At the most fundamental level, a file in the UNIX system is a collection of zero or more bytes of information, which can be referred to by name. Files are used to impose a partitioning strategy on the information stored by the computer; in general, the contents of a file relate to a single program, a single database, or a single document, which can then be referred to by name. It is possible to impose an arbitrary structure on the contents of a file, but the file is essentially the main, atomic unit of information in the filesystem.
Files are themselves partitioned by directories. A directory is simply a file that contains a list of other files, and some other information that indicates where exactly the files are stored.
At the physical level, a hard disk drive bears little resemblance to a UNIX system file hierarchy. Data is stored as magnetic field patterns on the surfaces of a set of spinning platters; read/write heads (similar to those of a tape recorder) move across the platters and read the magnetic field patterns, converting them into a stream of bytes which is then fed to the system. The surfaces of the disks are divided into concentric tracks and radial sectors within each track; the same track on each platter of a multi-platter hard disk is called a cylinder.
(The same terms are applied to floppy disks, although they have only two sides. Tapes, on the other hand, are divided up into blocks, running lengthwise along the tape, which correspond to sectors on a disk.)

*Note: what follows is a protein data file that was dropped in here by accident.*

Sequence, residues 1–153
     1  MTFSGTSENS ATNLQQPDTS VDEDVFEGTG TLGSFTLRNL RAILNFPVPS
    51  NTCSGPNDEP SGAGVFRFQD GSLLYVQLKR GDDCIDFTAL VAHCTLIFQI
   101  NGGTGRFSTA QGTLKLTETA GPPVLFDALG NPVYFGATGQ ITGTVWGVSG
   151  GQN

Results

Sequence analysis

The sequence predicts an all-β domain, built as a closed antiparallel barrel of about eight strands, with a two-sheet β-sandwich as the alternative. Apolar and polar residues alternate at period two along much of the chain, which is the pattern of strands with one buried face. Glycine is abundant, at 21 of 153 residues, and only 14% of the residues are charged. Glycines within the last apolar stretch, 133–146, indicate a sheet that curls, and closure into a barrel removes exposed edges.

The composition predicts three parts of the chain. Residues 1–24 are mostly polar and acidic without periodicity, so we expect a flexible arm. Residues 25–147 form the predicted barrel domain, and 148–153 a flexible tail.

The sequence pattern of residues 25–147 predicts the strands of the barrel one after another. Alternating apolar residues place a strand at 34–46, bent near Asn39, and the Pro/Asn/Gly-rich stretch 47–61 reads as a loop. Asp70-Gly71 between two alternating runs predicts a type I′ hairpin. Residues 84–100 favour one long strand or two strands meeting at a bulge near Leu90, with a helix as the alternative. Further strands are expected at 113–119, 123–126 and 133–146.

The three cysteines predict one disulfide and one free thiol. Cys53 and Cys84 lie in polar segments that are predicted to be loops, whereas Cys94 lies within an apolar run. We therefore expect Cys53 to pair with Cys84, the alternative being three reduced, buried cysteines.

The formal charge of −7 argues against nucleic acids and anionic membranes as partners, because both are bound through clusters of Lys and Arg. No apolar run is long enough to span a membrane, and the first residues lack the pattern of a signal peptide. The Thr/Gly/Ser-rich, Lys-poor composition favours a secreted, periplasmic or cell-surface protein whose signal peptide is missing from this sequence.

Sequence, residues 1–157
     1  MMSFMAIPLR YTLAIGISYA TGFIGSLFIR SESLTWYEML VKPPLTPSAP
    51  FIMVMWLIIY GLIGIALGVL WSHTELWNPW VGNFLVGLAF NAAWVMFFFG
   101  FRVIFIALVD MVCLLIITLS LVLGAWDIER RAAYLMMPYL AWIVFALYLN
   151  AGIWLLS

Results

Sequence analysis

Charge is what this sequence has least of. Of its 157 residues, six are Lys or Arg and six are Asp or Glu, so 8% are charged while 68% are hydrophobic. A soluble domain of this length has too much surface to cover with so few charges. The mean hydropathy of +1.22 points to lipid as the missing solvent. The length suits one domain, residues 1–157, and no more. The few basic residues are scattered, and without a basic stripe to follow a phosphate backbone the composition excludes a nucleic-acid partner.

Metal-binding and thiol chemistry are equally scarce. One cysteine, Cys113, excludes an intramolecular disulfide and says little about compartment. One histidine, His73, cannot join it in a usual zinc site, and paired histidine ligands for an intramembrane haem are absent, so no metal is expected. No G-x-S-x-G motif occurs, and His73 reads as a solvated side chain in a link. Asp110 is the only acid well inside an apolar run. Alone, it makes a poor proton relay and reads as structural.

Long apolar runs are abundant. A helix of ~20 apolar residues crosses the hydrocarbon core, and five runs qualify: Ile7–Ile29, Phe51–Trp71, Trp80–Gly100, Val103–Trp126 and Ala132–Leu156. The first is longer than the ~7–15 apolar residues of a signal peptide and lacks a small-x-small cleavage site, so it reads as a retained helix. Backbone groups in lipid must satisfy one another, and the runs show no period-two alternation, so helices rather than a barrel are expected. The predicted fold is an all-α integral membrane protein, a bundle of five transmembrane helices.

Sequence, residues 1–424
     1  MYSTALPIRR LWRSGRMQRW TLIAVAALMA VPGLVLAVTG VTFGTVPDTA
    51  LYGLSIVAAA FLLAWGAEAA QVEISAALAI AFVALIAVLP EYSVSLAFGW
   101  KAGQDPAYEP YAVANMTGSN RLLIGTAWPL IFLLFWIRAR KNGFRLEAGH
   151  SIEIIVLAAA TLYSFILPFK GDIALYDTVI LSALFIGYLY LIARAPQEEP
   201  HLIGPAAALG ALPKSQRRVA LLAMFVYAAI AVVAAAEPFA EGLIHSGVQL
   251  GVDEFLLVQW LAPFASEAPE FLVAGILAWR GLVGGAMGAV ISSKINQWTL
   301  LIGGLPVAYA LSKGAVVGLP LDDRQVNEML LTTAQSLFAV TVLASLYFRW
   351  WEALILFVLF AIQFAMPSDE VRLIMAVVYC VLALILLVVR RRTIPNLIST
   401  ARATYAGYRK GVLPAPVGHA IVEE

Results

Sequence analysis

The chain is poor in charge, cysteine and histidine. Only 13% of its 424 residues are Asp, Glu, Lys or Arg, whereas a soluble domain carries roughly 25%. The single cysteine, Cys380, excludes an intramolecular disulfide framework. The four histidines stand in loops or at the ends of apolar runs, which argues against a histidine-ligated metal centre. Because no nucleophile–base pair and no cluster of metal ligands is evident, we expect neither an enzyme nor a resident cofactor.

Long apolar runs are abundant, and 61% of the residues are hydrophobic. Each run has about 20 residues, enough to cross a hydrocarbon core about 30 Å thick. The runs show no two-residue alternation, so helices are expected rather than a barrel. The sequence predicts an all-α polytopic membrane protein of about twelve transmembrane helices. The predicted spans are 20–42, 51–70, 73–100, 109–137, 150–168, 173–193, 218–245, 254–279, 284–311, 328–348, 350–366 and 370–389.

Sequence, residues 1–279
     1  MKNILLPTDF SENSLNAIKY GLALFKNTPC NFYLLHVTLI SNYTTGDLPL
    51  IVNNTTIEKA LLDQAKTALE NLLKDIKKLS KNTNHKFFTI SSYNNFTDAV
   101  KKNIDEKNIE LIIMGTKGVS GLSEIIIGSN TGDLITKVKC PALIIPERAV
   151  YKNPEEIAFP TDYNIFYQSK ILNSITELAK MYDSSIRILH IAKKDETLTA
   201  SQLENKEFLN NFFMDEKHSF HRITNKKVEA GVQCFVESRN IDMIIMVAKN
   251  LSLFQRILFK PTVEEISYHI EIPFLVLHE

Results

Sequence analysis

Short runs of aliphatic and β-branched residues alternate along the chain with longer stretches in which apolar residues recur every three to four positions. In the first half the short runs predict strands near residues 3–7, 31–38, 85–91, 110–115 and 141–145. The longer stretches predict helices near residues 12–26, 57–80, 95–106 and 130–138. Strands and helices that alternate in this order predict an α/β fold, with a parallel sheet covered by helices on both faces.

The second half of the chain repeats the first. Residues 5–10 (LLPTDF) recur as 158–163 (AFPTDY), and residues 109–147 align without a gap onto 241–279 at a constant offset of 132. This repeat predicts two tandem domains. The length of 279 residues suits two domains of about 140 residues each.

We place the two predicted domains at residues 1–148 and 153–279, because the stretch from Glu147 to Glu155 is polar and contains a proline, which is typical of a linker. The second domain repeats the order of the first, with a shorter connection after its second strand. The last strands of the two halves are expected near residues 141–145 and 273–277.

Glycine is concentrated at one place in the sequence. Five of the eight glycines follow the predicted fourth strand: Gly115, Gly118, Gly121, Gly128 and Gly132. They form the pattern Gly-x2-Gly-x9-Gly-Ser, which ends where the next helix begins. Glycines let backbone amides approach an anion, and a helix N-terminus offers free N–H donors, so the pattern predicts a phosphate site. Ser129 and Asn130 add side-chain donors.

The smallest unit of data that a hard disk can read is a single sector of a given track. Each sector stores a fixed number of bytes, usually in the range 512 to 8192. Therefore, at some stage, the UNIX system must be able to work out from a given filename on which tracks and sectors the data within a file is stored at, and retrieve that data. There is no direct mapping between the filename and the physical location of its data on a disk.
Because files can be stored on a variety of media, it is necessary for the system to provide a uniform method for referring to files, and this is the purpose of the filesystem.
The term ``filesystem'' is used in two contexts. In the first it indicates a hierarchy of directories and files on a disk, which is ``mounted'' on (connected to) another filesystem so that it appears as a subdirectory of the first filesystem. (The directory where the filesystem is mounted is called the mount point.) In the second context, it is a more abstract term; a filesystem is a system for mapping from the name of a file to the physical location of its data on a mountable medium.
In general, a filesystem consists of three components: a superblock, an inode table, and a series of uniquely numbered blocks (corresponding to the sectors on the hard disk). The superblock is the first component of a filesystem. It contains information about the type of the filesystem, its structure, and its size, including where the inode table is, and how many data blocks there are.
The inode table starts immediately after the superblock. It contains a fixed number of inodes (pronounced ``i-node''), which are data records identified only by number; each inode contains information about permissions, ownership, type, the number of bytes in the file, and a number of slots which point to data blocks in the filesystem. Every file on the system has an inode which is associated with it: given an inode number it is possible to retrieve all the data blocks associated with that inode, simply by looking at the data block entries in the inode's record. If the file the inode defines is very big, the inode may contain pointers to an extension block, which contains more slots identifying the components of the file. If the file is huge, the extension block may point to further extension blocks that identify its data blocks.